SIM SWAPPING

The SIM is the gateway to everything we store and is associated with a telephone number, so an attack on this information point is critical for the security and privacy of our data.

Eusebio Nieva

Checkpoint

What is meant by SIM Swapping?

As we saw in a previous post, smartphones have become our “all-in-one” device. Not only is our camera, but is also our agenda and even our wallet. However, it should never be our safe deposit box.

On the contrary, the more attractive, the bigger its vulnerability. What began as a scam that barely affected 1,000 6 years ago, today is a global threat that can result in millionaire losses.

How are SIM Swapping attacks carried out?

SIM Swapping attacks, as the name implies, consist of duplicating the SIM card of a smartphone to access all the information stored on it.

When a cybercriminal manages to duplicate a SIM card:

  • He not only accesses the victim’s contacts.
  • But also, thanks to multifactor authentication, can access his social networks.
  • Whatsapp chats (to spread and a piece of malware and hijack other devices as well)
  • And even worse, he can obtain the access code to authorize certain banking operations through the verification codes sent by SMS. An with tha information, transfer funds or even request a loan.

This type of scam calls into question many things:

  • Multifactor authentication and SMS-based phone number verification are clearly not a reliable option. Banks, financial institutions and other entities should stop using these authentication methods and implement security solutions that really guarantee the safety of their users and their operations.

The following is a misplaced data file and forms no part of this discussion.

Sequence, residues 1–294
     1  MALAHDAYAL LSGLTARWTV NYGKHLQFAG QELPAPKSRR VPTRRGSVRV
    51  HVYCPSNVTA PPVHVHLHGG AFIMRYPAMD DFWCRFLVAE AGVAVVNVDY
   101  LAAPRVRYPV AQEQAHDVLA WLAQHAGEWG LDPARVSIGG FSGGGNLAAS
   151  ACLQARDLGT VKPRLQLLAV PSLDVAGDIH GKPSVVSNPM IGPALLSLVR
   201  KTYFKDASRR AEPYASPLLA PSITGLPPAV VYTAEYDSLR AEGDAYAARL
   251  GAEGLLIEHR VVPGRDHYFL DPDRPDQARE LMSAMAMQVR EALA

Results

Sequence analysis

• In many cities and countries, users must go to a physical store and identify themselves to get a duplicate of their SIM card. However, sometimes, it is enough to make a phone call to get it. Verification and control systems should be more thorough to make sure that only the legitimate users can make SIM duplicates.

If we consider that only in Spain, more than 30 devices are stolen every hour, we can get an idea of the magnitude of the risk that we face.

Beyond what our latest mobile model has cost us, what should really worry us is the information we store in them and how we protect it.

If your mobile phone stops having a signal, it does not let you call or connect to the Internet, immediately call your mobile operator and confirm with your bank that your account has not been fraudulently accessed.

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